Decided: June 20, 2016

The Fourth Circuit affirmed the district court’s ruling.

Robert Sarvis, a political figure in the Libertarian Party of Virginia, brought a constitutional challenge to Virginia’s three-tiered ballot ordering law. Sarvis attack focused chiefly upon the ballot ordering law found in Virginia Code § 24.2-613. That law describes the form of ballot to be used in Virginia elections. It provides that for elections in Virginia, a candidate shall be identified by the name of the candidate’s political party or by the term “Independent.” The statute also orders the ballot for elections to these offices in three tiers. The first tier includes candidates from political parties, which the Code defines as organizations of citizens that received at least 10 percent of the vote for any statewide office filled in either of two preceding statewide general elections. In addition to the 10 percent threshold, any organization seeking political party status must also have a state central committee and an elected state chairman present in Virginia for six months prior to any nominee from that organization filing for office. The second tier includes candidates from recognized political parties. A recognized political party under the Code must have a state central committee present in Virginia for the six months prior to any nominee from that party filing for office, and the state central committee must be comprised of voters residing in each Virginia congressional district. The organization must have a duly elected state chairman and secretary as well as a party plan and bylaws. The Libertarian Party of Virginia has been designated a recognized political party under the Code. The third tier of the ballot includes independent candidates not associated with political parties or recognized political parties. Virginia’s ballot ordering law also specifies how candidates are ordered within the three tiers. In the first two tiers, candidate order is set by lot. This order is used for each office on the ballot. The independent third tier is ordered by alphabetical surname. The district court found no merit in Sarvis’s arguments and dismissed the challenge for failure to state a claim under Fed. R. Civ. P. 12(b)(6). Sarvis appealed.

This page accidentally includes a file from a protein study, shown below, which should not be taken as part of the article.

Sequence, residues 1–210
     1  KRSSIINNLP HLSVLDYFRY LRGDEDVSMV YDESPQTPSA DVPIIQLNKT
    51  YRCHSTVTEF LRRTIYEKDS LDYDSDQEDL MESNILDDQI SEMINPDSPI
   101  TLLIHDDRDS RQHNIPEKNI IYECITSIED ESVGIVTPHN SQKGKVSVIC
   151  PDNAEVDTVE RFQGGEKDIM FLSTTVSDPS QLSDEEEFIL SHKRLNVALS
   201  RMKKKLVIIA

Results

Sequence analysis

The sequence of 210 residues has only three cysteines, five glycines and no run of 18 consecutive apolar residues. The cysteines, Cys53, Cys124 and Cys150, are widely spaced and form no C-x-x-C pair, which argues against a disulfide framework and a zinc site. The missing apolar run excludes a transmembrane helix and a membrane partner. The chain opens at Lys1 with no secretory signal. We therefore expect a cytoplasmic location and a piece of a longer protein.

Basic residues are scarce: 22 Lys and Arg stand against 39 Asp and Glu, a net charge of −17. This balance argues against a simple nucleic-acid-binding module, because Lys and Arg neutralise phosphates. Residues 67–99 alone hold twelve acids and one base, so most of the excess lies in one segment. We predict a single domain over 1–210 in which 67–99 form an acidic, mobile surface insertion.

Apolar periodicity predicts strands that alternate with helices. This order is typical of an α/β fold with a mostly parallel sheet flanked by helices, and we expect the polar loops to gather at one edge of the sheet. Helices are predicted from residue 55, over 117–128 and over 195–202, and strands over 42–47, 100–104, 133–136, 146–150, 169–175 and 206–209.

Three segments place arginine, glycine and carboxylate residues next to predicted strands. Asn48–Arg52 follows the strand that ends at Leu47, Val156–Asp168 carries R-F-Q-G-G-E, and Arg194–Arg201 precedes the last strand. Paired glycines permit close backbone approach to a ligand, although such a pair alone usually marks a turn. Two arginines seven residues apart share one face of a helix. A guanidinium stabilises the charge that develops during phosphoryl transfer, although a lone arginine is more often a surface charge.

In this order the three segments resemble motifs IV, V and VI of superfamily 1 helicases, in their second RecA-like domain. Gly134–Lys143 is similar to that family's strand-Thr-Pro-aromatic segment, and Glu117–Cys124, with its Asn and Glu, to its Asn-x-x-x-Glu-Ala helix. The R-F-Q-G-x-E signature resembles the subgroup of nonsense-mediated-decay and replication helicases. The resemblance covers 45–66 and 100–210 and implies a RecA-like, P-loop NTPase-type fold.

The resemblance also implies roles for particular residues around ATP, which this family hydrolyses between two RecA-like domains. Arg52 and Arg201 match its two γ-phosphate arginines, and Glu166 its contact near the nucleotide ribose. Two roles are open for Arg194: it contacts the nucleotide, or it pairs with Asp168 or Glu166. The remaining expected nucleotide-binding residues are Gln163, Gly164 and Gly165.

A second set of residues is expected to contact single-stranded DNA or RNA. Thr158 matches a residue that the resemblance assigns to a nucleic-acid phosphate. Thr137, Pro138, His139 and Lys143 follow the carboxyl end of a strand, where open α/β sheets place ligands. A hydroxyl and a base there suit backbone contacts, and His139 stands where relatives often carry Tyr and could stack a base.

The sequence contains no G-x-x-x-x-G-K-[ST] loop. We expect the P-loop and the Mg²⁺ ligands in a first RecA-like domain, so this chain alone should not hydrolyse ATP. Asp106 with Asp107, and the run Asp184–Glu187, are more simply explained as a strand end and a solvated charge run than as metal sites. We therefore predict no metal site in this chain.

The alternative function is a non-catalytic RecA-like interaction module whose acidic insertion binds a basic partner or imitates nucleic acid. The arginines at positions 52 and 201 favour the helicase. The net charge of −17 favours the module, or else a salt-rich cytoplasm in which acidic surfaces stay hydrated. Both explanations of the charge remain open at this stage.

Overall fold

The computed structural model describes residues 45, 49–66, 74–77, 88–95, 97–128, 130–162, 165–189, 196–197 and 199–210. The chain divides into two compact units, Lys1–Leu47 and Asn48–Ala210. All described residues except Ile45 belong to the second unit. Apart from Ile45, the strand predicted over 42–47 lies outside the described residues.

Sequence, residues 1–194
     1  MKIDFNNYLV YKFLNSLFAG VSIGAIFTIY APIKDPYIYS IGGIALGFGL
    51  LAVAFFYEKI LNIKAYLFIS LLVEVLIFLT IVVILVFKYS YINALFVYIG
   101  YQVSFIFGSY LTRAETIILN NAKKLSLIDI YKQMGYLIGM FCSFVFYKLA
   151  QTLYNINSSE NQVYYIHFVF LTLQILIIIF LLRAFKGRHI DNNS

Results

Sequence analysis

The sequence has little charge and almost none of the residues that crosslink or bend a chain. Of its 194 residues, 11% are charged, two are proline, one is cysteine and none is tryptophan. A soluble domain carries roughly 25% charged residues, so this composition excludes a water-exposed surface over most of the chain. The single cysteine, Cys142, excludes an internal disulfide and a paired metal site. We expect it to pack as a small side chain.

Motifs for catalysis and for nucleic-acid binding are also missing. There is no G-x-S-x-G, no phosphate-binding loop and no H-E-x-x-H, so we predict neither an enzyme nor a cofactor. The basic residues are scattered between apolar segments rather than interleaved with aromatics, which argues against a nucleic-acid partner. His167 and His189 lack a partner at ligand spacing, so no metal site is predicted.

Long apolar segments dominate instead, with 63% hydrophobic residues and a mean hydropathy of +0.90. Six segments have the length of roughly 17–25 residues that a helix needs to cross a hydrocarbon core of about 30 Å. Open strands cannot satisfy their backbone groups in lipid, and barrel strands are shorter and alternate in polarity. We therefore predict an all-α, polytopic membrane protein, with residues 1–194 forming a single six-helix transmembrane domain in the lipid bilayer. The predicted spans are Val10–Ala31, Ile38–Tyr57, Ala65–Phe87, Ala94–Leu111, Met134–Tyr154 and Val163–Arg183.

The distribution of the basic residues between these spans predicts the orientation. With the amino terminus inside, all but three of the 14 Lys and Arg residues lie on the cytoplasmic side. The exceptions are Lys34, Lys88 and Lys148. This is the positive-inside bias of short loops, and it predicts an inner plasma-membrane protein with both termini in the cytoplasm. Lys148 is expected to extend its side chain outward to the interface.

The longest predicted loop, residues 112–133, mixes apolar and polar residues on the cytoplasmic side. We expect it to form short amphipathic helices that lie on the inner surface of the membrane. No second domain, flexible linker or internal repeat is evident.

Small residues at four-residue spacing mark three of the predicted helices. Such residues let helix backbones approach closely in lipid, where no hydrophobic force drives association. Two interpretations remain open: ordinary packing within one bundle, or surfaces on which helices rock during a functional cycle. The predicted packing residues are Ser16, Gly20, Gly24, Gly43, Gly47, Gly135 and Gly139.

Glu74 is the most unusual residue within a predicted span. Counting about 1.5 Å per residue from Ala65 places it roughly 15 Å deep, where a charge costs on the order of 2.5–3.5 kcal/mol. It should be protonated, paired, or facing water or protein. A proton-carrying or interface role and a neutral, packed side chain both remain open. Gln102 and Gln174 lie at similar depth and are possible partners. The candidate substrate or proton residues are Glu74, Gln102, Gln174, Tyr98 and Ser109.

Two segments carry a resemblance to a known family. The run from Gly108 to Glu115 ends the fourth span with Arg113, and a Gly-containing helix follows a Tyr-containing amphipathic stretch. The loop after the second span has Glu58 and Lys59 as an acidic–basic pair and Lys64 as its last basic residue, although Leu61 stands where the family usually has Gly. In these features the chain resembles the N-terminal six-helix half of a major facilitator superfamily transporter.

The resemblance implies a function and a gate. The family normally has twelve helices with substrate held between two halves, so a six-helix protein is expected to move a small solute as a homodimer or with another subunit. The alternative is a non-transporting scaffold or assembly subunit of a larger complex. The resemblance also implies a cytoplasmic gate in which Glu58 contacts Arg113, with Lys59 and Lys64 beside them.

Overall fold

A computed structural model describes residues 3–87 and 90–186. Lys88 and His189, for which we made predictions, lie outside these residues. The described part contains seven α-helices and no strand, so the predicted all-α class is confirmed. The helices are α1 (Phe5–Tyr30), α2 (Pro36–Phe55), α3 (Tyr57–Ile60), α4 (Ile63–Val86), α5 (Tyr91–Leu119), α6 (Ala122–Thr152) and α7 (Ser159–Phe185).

Sarvis’s main argument on appeal is that Virginia’s three tiered ballot ordering law advantages candidates from major parties and disadvantages candidates like him from minor parties. Sarvis contends this practice violates the First Amendment and the Fourteenth Amendment’s Equal Protection Clause. The court looked at the burdens Virginia’s three-tiered ballot ordering law imposed and found them to be only modest on Sarvis’s free speech, associational, and equal protection rights. Neither the Libertarian Party nor any other party faced a disproportionate burden and the law was facially neutral and nondiscriminatory. The court found Sarvis’s argument on the difficulty for a party to reach the first tier to be exaggerated because the status is reached if any candidate for any office receives 10 percent of the vote in either of the two preceding statewide general elections. Even if the Libertarian Party cannot reach first tier status, the party and Sarvis can still appear on the ballot and has done so in the past. Virginia’s important regulatory interest by the ballot ordering law include assisting the voting process reduce voter confusion and preserving party-order symmetry across different offices on the ballot. The law also helps reduce multi-party factionalism and promote political stability. The court balanced Sarvis’s inconsequential burden with Virginia’s important objectives from to determine that there is no basis for finding the law unconstitutional. The court affirmed the district court’s dismissal for failure to state a claim.

Full Opinion

Ryan Jones

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